Almost Blue (2015 Remaster) Elvis Costello & The Attractions

Album info

Album-Release:
1981

HRA-Release:
21.10.2015

Album including Album cover

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  • 1Why Don't You Love Me (Like You Used To Do)?01:39
  • 2Sweet Dreams03:00
  • 3Success02:42
  • 4I'm Your Toy03:24
  • 5Tonight The Bottle Let Me Down02:10
  • 6Brown To Blue02:40
  • 7Good Year For The Roses03:10
  • 8Sittin' And Thinkin'03:02
  • 9Colour Of The Blues02:21
  • 10Too Far Gone03:28
  • 11Honey Hush02:15
  • 12How Much I Lied02:46
  • Total Runtime32:37

Info for Almost Blue (2015 Remaster)

This is where Costello began to display the chameleonic tendencies that would serve him so well throughout his career. Abandoning snappy, 'new wave'-associated rock for the first time, Elvis decided to visit Nashville and record his take on the country classics he loved so much. Enlisting the services of George Jones producer Billy Sherrill, Costello cloaked himself and the Attractions in countrypolitan trappings (including lush strings) for some distinctive version of country evergreens like 'Tonight the Bottle Let Me Down' and 'Sweet Dreams.' Only the punk-derived fervor of 'Why Don't You Love Me Like You Used To Do' and the bar-room raunch of 'Honey Hush' interrupt the elegant, emotional balladry. Costello also pays tribute to a more recent generation on aching covers of Gram Parsons' 'I'm Your Toy' and 'How Much I Lied.' Ryko's bonus cuts sweeten the pot considerably, especially the live version of Leon Payne's self-explanatory 'Psycho.'

„Elvis Costello's 'country record' is usually written off as a vanity project, but Almost Blue is quite a bit more than that. It's one of the most entertaining cover records in rock & roll, simply because of its enthusiasm. The album begins with a roaring version of Hank Williams' 'Why Don't You Love Me' and doesn't stop. Costello sings with conviction on the tear-jerking ballads, as well as on barn burners like 'Tonight the Bottle Let Me Down.' It's clear that Costello knows this music, and it's also clear who he learned it from: Gram Parsons. Costello covers Parsons' 'Hot Burrito No. 1' and 'How Much I Lied,' and all of the music on Almost Blue recalls Parsons' taste for hardcore honky tonk and weepy ballads. It's to Costello's credit that he made a record relying on emotion to pay tribute.“ (Stephen Thomas Erlewine, AMG)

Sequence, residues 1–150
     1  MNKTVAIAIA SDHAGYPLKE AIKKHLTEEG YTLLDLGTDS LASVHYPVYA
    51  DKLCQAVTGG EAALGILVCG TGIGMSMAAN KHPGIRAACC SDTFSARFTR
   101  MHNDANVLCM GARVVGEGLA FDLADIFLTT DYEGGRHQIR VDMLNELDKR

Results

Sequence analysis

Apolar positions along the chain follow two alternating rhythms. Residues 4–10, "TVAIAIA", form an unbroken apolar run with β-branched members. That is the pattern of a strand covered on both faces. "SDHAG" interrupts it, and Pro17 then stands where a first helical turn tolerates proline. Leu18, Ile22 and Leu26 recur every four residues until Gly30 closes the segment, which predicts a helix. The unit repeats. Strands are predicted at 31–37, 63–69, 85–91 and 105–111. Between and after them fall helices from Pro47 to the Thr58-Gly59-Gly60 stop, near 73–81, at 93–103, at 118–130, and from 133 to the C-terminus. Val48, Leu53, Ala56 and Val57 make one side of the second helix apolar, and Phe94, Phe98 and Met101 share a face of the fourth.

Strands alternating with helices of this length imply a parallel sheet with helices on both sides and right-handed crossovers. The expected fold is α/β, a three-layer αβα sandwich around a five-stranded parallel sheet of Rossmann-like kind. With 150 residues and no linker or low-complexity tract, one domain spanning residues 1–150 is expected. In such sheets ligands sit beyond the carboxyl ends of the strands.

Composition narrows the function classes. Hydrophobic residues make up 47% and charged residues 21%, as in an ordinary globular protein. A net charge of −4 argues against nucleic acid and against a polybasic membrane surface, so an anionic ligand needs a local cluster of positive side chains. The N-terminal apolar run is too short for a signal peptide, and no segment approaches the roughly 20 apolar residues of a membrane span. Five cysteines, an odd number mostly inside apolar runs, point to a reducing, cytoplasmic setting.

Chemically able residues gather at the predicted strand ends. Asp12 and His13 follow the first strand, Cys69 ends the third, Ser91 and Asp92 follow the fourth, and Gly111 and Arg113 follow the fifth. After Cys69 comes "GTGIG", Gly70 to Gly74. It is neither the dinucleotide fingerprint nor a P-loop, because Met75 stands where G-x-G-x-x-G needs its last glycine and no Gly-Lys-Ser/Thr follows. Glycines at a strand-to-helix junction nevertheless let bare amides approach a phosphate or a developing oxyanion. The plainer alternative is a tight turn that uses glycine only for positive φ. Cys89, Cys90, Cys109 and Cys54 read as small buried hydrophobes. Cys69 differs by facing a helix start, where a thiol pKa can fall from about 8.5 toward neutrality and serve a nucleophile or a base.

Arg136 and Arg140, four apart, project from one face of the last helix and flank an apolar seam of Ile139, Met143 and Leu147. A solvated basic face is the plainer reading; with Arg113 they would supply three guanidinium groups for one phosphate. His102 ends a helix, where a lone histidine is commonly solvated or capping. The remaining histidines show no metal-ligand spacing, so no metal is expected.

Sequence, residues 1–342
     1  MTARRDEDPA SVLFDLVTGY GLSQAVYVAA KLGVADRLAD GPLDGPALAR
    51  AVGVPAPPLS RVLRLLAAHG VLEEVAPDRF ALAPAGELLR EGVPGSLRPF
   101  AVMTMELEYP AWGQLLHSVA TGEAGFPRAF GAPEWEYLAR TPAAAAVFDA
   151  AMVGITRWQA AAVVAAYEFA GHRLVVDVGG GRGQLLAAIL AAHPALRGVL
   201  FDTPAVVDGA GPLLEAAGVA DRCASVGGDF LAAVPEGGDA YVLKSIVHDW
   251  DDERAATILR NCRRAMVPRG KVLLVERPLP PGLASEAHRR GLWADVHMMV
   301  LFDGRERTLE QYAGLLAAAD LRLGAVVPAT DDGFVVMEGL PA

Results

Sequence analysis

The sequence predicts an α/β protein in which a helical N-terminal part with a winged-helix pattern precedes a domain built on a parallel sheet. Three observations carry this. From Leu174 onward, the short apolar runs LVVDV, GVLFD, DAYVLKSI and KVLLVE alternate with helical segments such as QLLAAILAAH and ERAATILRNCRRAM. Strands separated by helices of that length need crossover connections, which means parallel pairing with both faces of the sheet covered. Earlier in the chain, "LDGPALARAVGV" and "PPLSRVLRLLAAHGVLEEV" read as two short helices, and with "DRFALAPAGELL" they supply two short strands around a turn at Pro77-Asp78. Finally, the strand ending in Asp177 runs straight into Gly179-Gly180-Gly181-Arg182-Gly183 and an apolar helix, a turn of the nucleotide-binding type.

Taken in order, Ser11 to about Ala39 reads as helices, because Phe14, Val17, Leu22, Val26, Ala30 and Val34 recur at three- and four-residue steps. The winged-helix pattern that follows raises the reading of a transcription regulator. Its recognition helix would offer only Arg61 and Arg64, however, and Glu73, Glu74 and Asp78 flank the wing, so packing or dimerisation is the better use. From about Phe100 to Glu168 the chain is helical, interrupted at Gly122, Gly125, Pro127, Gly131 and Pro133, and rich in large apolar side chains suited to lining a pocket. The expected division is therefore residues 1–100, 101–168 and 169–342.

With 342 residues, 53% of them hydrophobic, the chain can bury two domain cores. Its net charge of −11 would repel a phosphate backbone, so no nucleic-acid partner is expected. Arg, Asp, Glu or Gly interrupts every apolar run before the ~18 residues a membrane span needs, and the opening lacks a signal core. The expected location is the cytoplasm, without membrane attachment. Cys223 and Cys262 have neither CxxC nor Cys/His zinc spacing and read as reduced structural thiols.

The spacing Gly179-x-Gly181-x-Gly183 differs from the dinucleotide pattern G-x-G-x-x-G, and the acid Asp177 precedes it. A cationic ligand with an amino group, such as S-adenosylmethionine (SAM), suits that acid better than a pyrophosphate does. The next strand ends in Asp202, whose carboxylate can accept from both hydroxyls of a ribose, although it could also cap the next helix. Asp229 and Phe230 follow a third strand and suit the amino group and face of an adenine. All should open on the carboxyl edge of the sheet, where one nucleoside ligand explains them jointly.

Elvis Costello, vocals, guitar
Steve Nieve, piano, organ
Bruce Thomas, bass
Pete Thomas, drums
Additional musicians:
John McFee, lead guitar, pedal steel guitar

Recorded May 1981 at CBS Studios, Nashville, Tennessee
Engineered by Ron 'Snake' Reynolds
Produced by Billy Sherrill

Digitally remastered


Elvis Costello
began working as a professional musician 35 years ago, shortly after the release of his first album, “My Aim Is True”. He has made more than 27 studio records, three live albums and numerous guest appearances on stage, studio and screen as well as working as a record producer, bit-part actor and composing music for television drama and dance performance.

He has toured the world with The Attractions, The Imposters and the pianist, Steve Nieve, performing with symphony and jazz orchestras as well as in solo performance. His catalogue of songs includes collaborations with Paul McCartney, Allen Toussaint and Burt Bacharach with whom he won a Grammy for “I Still Have That Other Girl” from their 1998 collaboration, Painted From Memory. Costello’s songs have been recorded by George Jones, Chet Baker, Johnny Cash, Roy Orbison, Dusty Springfield and Robert Wyatt.

Elvis Costello and The Attractions were inducted into the Rock and Roll Hall of Fame in 2003. In the same year he was awarded ASCAP’s prestigious Founder’s Award. His last record was 2010s National Ransom, produced by T-Bone Burnett. Between 2008 and 2010, Costello was the host of twenty episodes of the interview and music show, “Spectacle” on the Sundance Channel.

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This album contains no booklet.

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